Skiing Green

There are plenty of articles you can Google on the internet that tell you which ski resorts are doing a lot to help the environment.

Usually the same names come up, rather giving the impression that the writers have quickly Googled the subject themselves and just copied other similar articles.

Many of the ski areas that are in fact doing the most don’t make these ‘Top 5 or 10 Green Resorts” lists because they haven’t gone out there and marketed their efforts.  

But we’ve tried to dig them all out in our Green Ski Resorts Guide.

Anyway, the implication of these articles is that if you book as ski holiday to one of these ‘green’ resorts your ski holiday will be more environmentally friendly.

Sadly though, that’s not really the case – well, not unless (and this is rarely mentioned in the  articles) you live pretty close to one and get to it by rail or in an electric car.

That’s because studies have shown that by far the biggest impact on the environment we make on a ski trip is not where we go (however ‘green’ or otherwise it is), but how we get there.

Our choice of mode of travel can mean that less than 5% of our ski holiday’s light carbon footprint comes from the travel, to more than 95% of a fairly hefty carbon footprint if we fly half-way around the world to a ‘green’ resort.

There are well meaning articles too with advice like turn off the lights and turn down the heating when you go out, make sure you recycle, and so on.  Again these are well meaning and they’re good advice and good practice, but still these are tiny fractions of your ski holiday CO2 emissions compared to how you travel there.  


  1. Remember that most of the CO2 and methane and other greenhouse gasses that are disproportionately warming the climate in mountainous and northern areas doesn’t originate in the mountains or at the poles, it comes from cities and transport between them.  Most of us are only skiing or boarding one or if we’re lucky two weeks a year so it’s more important we take steps in our day to day lives the other 50 or 51 weeks of the year to cut our CO2 emissions.  If you can switch to green energy, use public transport, eat less meat – all the usual stuff not many of us actually do…laax_1-8_ce-sl-i_5_greenstyle
  2. Looks for the least CO2 emitting modes of travel you can to reach the slopes.  Sadly it’s complicated and there’s a lot of maths involved but basically the more people travel together in as low a CO2 producing mode of transport as possible, the better it works out per person.  So rail usually comes top, but driving by electric car is also good, and if you can’t afford an electric car like most of us then three or four people in a reasonably efficient non-electric car or travelling by coach are also pretty good. Some airlines are slowly cutting down CO2 per passenger but the reality is it’s still going to be way worse than overland travel and if you cross an ocean to ski or boards another continent there’s no way of pretending that’s not the most damaging to the planet.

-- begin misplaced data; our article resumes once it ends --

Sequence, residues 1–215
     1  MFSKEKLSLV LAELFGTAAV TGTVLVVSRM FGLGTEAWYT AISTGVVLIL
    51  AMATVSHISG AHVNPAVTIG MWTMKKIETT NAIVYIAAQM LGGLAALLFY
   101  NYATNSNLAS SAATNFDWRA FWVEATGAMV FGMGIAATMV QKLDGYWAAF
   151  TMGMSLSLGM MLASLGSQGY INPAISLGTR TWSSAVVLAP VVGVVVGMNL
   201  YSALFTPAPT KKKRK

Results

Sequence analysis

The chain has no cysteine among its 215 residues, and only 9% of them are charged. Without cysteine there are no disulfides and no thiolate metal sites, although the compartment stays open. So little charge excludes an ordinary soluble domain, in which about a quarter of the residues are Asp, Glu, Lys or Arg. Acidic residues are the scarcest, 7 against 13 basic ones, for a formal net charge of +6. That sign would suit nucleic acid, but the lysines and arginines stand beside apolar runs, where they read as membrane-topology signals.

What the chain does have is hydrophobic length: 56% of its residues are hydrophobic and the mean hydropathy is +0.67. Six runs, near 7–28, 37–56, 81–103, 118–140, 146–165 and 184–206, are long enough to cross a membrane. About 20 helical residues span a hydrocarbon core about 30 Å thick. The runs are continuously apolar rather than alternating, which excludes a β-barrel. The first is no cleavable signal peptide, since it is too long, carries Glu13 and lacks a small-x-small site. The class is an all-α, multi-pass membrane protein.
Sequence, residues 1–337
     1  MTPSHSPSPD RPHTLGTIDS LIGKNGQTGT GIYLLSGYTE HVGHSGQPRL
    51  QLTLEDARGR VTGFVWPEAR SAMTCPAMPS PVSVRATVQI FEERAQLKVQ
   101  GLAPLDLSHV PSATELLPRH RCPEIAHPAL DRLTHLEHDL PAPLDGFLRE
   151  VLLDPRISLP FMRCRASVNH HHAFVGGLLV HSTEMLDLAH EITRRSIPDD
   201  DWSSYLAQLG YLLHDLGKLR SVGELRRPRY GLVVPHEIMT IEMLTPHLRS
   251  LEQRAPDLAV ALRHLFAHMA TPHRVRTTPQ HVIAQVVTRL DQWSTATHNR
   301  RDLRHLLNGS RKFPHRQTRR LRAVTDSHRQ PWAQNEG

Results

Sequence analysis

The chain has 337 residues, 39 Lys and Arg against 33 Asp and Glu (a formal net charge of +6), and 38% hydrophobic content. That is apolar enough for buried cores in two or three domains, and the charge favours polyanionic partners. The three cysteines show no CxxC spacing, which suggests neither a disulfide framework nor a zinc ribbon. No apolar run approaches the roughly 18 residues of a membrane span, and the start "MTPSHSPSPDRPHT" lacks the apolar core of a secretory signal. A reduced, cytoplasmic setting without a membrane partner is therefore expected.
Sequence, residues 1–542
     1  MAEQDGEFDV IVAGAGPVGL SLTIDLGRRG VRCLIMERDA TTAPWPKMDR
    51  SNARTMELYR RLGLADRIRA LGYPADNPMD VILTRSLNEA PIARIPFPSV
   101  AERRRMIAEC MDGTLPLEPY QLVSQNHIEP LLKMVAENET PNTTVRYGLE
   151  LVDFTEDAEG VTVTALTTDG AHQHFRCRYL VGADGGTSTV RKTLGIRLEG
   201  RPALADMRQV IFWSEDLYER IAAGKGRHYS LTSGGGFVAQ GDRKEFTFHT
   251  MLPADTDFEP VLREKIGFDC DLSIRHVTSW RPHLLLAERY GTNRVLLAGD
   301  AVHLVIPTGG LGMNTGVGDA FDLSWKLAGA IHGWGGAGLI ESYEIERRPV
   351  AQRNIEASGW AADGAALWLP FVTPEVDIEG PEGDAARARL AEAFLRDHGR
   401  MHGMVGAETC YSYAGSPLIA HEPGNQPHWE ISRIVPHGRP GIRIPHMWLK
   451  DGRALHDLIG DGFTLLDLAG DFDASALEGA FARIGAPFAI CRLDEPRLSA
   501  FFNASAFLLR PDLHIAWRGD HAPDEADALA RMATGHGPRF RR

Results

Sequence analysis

3. Carbon offset …has had a lot of bad press as an easy cop out for people and organisations to emit as much CO2 as they like knowing they can pay out for a scheme that kind of cancels out those emissions.  If you think about it the best thing would be to not make these extra emissions in the first place by following points one and two above, but if you’ve done all you can, carbon offsetting the rest is probably better than not doing anything.


Snow Carbon offers advice on rail travel between the UK and the Alps.

Online ski travel agency has a good practical advice section on driving by electric car to the Alps.



(If any of these links are found to be dead please let us know)

This Independent piece written by Simon Birch in 2006 is still pretty relevant.